One of my closest friends visited my best friend and I one day at work to catch up and meet with another friend who went home for a vacation. It’s been a while since I talked to her, so we updated each other with the state of our lives. I gave her the short version of what was up with me, and before I was finished, I can already tell her reaction, and I sort of knew what she was going to say.
As expected, she was pissed off — and she said it in her really nice way, because she’s really the nicest among our group of friends. And also, as expected, she started ranting about it (in a very nice way, too), and then she said what I knew she would say:
“We don’t want you to get hurt.”
With that, my best friend, who was listening to the conversation while eating dinner, snorted. “I’m not a part of that ‘we’. She needs to go through this.”
* * *
You know how sometimes we hesitate to do things, or say things, because we fear hurting the other person, or we fear making things awkward? Sometimes, we hesitate because we’re not sure how the other person would react, or what they’re thinking. Then with all our hesitation, we decide not to do anything anymore because it might be better to do it later on, if there’s a chance. Sometimes, we don’t even hesitate — we don’t do things anymore, because we think the other person will just take offense and whatever you do will just make things worse.
And I totally agree with that: we need to be careful with one another and treat one another with love and think about what we say, because we do have the capacity to hurt the people we love the most. I agree with that, and I believe in discerning when to say what you need to say, and the right timing to open things up and all that.
But I also believe that sometimes, we need to give the people we love enough credit that they can take what we dish without totally ruining everything.
It’s just like what my two friends said: yes, they don’t want to see me hurting…but how will I ever learn if I don’t go through some things on my own?
I appreciate the thought, really, of how people don’t want to see me hurting. I really, really do. No one wants to see the people they love hurting, or sad, or even just upset. If anything, I would want to spare the people I love of how life can hurt them. And of course I don’t want to get hurt, too.
But there are times when the only way to get to the end is through some things, and we are never guaranteed a smooth ride through. No one said it was easy. And no one ever got through life without getting hurt.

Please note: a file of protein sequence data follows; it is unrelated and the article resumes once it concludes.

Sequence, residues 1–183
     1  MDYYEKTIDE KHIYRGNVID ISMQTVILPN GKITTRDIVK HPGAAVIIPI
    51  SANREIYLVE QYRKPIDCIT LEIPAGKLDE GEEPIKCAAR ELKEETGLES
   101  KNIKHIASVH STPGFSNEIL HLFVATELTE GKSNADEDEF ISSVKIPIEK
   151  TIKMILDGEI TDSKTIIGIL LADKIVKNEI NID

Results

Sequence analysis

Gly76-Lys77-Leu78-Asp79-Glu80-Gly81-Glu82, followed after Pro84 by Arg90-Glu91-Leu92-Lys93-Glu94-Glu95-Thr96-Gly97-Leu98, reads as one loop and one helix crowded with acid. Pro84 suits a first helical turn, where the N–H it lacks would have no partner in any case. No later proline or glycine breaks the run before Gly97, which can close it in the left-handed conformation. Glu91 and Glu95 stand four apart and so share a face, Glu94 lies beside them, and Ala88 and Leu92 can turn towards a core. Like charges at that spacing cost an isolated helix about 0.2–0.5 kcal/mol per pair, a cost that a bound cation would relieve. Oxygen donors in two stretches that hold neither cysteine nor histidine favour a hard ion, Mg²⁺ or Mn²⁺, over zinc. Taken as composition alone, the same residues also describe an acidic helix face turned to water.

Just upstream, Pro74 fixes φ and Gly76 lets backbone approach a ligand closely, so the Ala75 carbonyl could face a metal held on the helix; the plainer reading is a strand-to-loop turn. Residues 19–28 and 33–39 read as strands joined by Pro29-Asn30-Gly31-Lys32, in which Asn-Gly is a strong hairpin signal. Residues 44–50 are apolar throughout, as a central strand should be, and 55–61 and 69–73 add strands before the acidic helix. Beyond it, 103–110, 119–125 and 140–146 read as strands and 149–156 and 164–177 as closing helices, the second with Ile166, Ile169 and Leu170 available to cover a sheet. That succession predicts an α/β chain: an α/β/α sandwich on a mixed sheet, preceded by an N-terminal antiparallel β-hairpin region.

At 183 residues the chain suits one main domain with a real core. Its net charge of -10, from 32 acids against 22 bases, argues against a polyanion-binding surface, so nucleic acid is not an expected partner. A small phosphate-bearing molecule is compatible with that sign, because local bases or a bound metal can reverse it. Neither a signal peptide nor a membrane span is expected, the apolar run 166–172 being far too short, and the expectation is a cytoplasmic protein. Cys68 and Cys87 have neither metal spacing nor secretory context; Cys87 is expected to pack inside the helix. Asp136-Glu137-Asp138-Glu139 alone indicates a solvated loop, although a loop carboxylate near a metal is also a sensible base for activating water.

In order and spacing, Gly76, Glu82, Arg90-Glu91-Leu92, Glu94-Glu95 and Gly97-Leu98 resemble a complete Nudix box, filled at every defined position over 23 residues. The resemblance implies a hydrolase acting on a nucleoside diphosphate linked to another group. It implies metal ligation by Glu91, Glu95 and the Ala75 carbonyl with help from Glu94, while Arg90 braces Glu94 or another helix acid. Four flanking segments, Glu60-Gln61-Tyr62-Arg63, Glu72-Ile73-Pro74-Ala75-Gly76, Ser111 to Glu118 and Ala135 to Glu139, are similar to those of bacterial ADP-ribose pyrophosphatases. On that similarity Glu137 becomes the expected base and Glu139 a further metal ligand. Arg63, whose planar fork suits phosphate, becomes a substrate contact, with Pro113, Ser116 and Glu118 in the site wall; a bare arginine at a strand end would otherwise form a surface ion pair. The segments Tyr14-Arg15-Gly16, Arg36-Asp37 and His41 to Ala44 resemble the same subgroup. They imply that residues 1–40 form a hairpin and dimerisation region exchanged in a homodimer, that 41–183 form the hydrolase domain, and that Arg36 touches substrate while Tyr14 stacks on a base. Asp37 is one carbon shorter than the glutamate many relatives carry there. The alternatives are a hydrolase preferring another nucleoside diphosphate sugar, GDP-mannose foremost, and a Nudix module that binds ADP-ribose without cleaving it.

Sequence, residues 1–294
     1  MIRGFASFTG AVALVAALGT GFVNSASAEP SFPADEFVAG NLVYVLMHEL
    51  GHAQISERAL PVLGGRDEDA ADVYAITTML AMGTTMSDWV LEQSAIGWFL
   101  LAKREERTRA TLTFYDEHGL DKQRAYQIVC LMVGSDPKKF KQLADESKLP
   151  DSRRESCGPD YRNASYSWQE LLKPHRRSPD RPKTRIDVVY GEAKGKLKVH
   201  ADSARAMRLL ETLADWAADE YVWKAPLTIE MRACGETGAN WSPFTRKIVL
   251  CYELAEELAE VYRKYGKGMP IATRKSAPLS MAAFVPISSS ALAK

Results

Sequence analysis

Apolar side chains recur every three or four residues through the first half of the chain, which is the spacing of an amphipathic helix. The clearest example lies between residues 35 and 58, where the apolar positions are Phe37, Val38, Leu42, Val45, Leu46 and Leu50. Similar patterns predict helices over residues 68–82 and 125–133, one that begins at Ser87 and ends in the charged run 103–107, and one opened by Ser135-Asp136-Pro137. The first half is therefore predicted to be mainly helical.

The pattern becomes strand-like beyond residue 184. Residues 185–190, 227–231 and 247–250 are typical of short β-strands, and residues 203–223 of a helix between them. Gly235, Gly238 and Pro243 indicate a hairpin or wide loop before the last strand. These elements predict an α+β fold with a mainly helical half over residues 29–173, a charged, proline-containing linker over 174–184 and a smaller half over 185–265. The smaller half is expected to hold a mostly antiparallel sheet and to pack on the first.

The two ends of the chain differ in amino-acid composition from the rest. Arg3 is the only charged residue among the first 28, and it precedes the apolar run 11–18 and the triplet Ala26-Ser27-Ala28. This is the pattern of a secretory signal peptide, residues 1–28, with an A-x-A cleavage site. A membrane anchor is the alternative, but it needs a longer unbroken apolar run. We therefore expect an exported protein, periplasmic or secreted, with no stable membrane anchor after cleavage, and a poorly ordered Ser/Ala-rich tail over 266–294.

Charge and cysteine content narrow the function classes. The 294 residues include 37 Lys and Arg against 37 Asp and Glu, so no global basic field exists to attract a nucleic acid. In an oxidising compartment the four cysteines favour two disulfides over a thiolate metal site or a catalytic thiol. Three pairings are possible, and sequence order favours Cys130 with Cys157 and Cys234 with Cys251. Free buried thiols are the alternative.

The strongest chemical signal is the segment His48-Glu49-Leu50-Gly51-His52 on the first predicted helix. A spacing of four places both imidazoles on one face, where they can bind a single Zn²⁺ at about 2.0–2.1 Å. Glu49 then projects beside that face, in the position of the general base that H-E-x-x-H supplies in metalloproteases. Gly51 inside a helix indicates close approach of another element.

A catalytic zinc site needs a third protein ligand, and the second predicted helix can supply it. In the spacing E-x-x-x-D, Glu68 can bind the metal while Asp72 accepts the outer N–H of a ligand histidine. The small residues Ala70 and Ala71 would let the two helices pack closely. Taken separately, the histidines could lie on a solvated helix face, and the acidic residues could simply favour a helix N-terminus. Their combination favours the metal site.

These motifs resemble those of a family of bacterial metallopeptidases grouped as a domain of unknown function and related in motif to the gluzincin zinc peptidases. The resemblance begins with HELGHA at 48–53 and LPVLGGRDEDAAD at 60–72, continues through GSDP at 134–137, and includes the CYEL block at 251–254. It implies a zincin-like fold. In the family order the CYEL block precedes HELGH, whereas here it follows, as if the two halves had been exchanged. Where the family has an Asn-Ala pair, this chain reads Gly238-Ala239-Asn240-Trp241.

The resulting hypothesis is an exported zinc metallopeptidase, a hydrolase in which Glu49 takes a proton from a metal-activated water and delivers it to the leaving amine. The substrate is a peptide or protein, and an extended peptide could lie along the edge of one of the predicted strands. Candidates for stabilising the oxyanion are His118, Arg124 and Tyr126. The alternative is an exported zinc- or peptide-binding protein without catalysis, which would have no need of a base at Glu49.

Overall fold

No one ever got through life without hurting the people they love. This doesn’t give you an excuse to just hurt the people around you intentionally. This isn’t about being mean or manipulative or tactless or just plain harsh just so you can prove that you’re right and they’re wrong. It’s about showing them you love and trust them enough to know that they can take whatever you dish. It means not walking on eggshells around the person every time so you won’t hurt them, ever. That’s just impossible. And sometimes, being too careful with them just hurts more. Yes, there is a time to be careful with what you say or do, to tread carefully and speak gently. But sometimes, we mask this carefulness as an escape, as a way to not be responsible for breaking the other person’s heart so you won’t get blamed for the fallout.
That’s a cop out, and perhaps a little bit selfish. We have to give the people we love a little more credit. We have to stop thinking that people are fragile all the time. I’d like to believe that they’re stronger than we think they are, and if we act out of true, selfless love and sincerity, it won’t be that bad. I mean, I’d like to hope it won’t be. Don’t you trust their love enough that they can take whatever you have to say? Don’t you trust yourself enough to say things with enough grace so you won’t leave scars? Don’t you trust that you can forgive each other after everything? That you can move forward from this, and start anew?
The more important thing, I think, is to make the most loving choices when these moments come. To choose to love, and forgive, and to give grace, despite everything. To be present, when the fallout comes and to stay through it. There’s a right time to give comfort and be kind, to offer your shoulder to cry on, or even back off when you think what you’ll say will just hurt. There’s a time to cry, there’s a time to grumble and be mad about things for a while, if it helps. But there’s also time to open up, to face each other, to be vulnerable and to trust that the love and care you have for each other is strong enough to weather these storms.
We need to break these walls we build around ourselves and around the people we love in the pretense of protection. Let us find the courage to see and be seen, and be brave enough to love each other with a fierce love that doesn’t make (or take) excuses. Let us love each other with the kind of love that speaks of the truth even when it hurts, gives unlimited grace and forgives. Love is tough enough to handle tough love. Love endures all things, after all.